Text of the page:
Sara Dias

The Untold Story of Being a Highly Sensitive Person (HSP)

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There may come a time in your life where you begrudge this innate trait of yours. There is nothing wrong with questioning it. On the contrary, this is part of the journey toward self-acceptance. As a fellow highly sensitive soul, I too, am plagued by questions of how to exist in such a loud shouting world. I often wish there was an off switch. Truthfully, it is overwhelming to feel everything so intensely. It gets lonely living in a world that neither speaks nor understands your language. A world full of copies, of copies, of someone else. A world that shuns fragile subtleties. 

Let’s be honest, right now, things suck. Canada’s Coronavirus cases are spiking. Unemployment levels are still high, with experts warning that our economy is about to sleepwalk off a massive cliff. Despite inspiring the largest movement in history, the tragic killing of George Floyd has done little to reform to brutal police policies. Adding tension to the chaos, many Canadians are still stuck in their homes, anxious and isolated. If you want to lock yourself in your bedroom and hide under a blanket, no one will blame you. That is a natural reaction for anyone living through these cruel and unprecedented times.

Now imagine being a highly sensitive person (HSP), the 20% of the population who feel and process their experiences deeply.  All of this news hits you, it hits you harder than most. It’s a baseball bat to the back of your pulled shoulder. You are not flawed or broken, you believe this with reckless abandon. Your high sensory processing sensitivity is an innate trait, and it is a gift to be treasured, no matter what you may have been told. You possess the capacity to tune in and perceive what others often miss. 

We love and cherish those in our lives who respect our feelings, know our moods, and whose intuition seems to lead them straight to our needs. Sensitive people; they try to fill the world with compassion for their own good and for others’, which is a huge benefit, especially in a world that pretends dominance is somehow preferable to sensitivity. Good people gravitate towards them. Not-so-good people gravitate toward them too, and, believe it or not, sometimes become a better person just from being around those with HSP. One of the greatest benefits of being highly sensitive is you can become the hub for amazing things. People may feel more creative under your influence, more comfortable and free in expressing their true selves. Few things are more wonderful than that, and opening yourself to experiencing this wash of potentiality has the effect of dazzling the entire soul.

Use your gifts to illuminate the dark corners of the world that need healing. A highly sensitive person is simply someone who experiences life a little more “turned up” than everyone else. They notice details and patterns that others miss. Their minds process information to a great degree. Boundaries, boundaries, boundaries (learn to say no)! You deserve to exist under terms that do not harm you. This means letting go of friendships, relationships, situations and action patterns that no longer serve you. This is but one step toward self-acceptance. If an experience is not essential, meaningful, or fun then it is not worth your time and energy.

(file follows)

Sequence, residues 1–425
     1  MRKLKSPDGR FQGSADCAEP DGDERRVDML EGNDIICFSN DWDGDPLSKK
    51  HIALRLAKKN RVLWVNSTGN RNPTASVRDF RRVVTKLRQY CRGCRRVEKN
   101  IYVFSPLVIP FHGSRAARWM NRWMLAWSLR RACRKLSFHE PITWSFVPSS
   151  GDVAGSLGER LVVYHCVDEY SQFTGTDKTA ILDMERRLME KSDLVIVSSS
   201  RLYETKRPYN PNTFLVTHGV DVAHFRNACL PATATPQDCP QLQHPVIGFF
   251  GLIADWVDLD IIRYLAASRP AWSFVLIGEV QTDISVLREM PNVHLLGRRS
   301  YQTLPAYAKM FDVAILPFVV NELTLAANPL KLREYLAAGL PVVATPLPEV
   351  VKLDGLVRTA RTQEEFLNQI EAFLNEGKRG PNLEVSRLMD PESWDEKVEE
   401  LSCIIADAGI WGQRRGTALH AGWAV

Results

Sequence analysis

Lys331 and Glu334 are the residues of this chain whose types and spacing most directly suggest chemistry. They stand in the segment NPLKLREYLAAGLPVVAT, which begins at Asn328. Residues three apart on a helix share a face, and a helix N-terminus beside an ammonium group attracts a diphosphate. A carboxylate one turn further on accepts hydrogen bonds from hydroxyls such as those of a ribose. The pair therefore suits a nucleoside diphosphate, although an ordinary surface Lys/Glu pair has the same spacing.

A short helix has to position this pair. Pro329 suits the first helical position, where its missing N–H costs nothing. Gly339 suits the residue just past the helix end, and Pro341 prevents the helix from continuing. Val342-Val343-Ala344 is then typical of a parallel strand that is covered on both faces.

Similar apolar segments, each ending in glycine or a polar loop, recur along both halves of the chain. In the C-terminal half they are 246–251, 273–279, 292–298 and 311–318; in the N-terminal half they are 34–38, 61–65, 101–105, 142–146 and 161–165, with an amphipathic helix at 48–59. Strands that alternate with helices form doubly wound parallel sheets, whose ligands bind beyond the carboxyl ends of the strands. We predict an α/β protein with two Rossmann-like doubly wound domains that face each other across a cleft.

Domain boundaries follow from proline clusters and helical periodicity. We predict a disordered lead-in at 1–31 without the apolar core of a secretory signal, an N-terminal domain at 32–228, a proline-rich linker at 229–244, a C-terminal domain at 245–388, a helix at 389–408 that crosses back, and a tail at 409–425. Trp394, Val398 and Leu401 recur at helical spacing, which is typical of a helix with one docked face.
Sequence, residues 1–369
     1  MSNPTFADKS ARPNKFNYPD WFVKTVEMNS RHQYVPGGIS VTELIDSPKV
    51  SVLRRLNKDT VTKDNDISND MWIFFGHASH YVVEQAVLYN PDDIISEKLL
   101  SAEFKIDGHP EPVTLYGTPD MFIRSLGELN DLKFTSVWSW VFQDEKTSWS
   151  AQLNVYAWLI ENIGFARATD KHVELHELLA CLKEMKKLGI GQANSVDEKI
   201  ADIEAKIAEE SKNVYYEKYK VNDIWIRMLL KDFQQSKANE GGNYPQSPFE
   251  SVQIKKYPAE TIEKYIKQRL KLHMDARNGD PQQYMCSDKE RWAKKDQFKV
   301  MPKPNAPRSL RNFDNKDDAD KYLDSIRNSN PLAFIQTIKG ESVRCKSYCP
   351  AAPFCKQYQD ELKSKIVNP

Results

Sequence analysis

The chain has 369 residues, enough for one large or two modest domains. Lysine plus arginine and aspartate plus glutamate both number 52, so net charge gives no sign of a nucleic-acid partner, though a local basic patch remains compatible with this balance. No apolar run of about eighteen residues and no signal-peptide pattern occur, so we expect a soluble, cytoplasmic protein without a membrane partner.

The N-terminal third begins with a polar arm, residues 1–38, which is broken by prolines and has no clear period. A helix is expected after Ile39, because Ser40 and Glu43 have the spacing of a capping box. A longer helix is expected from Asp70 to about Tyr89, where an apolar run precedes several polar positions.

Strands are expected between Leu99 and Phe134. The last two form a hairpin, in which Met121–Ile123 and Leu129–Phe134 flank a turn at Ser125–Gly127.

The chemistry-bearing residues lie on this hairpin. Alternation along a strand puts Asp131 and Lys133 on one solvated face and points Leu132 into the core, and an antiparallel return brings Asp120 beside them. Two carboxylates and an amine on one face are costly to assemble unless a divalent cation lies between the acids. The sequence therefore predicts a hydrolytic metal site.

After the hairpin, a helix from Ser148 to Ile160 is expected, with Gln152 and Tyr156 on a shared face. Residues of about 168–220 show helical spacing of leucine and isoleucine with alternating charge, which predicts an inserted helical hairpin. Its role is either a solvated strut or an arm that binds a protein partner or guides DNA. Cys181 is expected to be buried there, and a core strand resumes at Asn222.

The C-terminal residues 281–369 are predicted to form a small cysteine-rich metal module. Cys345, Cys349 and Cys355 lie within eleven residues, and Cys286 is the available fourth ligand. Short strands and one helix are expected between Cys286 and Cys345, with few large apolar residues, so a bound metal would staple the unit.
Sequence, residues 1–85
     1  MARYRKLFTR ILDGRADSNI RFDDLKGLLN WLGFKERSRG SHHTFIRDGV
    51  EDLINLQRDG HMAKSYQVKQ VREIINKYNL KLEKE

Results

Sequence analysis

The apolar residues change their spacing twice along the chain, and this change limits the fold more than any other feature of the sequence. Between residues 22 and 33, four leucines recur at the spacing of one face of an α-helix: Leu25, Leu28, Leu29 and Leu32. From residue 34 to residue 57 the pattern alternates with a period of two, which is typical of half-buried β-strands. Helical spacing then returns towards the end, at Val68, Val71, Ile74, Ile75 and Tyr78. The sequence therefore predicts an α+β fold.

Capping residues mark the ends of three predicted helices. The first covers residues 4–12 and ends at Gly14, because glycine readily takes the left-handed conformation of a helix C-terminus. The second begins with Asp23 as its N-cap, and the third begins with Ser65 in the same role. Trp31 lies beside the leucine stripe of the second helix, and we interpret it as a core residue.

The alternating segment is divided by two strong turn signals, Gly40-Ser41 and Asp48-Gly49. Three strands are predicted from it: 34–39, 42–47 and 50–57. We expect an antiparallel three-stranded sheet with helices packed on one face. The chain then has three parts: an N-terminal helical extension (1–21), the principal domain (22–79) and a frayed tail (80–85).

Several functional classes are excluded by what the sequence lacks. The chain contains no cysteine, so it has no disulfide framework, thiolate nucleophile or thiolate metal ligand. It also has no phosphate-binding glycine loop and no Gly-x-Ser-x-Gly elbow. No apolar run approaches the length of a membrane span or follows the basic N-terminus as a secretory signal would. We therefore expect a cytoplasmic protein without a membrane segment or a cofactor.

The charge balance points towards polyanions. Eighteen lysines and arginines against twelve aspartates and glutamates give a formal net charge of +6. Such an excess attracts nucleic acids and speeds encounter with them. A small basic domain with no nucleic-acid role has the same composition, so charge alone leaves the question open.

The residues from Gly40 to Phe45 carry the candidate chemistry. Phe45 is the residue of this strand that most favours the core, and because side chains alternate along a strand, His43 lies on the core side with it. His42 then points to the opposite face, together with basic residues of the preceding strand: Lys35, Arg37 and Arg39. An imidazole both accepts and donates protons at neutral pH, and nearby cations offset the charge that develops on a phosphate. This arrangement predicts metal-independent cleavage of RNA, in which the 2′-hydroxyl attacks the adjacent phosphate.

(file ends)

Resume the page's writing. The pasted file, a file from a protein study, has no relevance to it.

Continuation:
Cultivate a sacred space that you feel safe in, a space where you are able to decompress and recharge. This will become your sanctuary. Your retreat from the world. Your space to come home to after a day spent processing overwhelming sensory inputs. Protect it and fill it with that which enlivens your soul and energizes your spirit. Think in terms of the four senses: sight, sound, smell and touch. Contemplate the sensory experiences that ardently resonate as uplifting, comforting, and tranquil for you.  

Embrace loneliness, your journey will often feel lonely. Embrace and honour this. Allow the stillness to feel awful and sublime.  Simultaneously allow it to guide you.  It is in the depths of solitude that we seek the hidden treasures within us; however, recognize that you are not alone. Reach out and connect. In a society that devalues sensitivity, this may seem counterintuitive but do it anyway. For you are heard, understood and most importantly, you deserve to occupy a space in the world. Find your soul family, the iridescent individuals who feel like home. Appreciate the catharsis as you narrate stories of triumph and tribulation. This will resonate with you, I’m sure.

On top of their deep processing, HSPs also have higher levels of empathy allowing them to easily tune into others’ feelings and display strong emotional intelligence. Basically, they’re the people who know you had a bad day just from the angle of their shoulders. In conflict, they often see past the yelling and false flags to what’s really going on.

It is not easy, however, try to accept yourself as you are! Being an HSP is a wonderful gift. Your high sensitivity means that you have the potential to live an extraordinarily rich and meaningful existence. Do not spend your days apologizing for your way of being in the world. You are a lighthouse, allow your light to pierce the darkness. Stop apologizing for shining so brightly.

Yet there’s no denying that something very real is happening in 2020 — scarcity and tragedy on a scale that many Canadians have never experienced before — and HSPs are the ones who feel it to the marrow. But just like any superpower, it comes with a kryptonite. All that empathy means HSPs get overwhelmed easily by suffering. It is not easy being a sensitive person in this cruel planet, and rest assured, there are many others like us. Kindred spirits, trying to find a space in this world. Should our paths intersect one day, I hope we get to connect and share our stories of feeling and healing.

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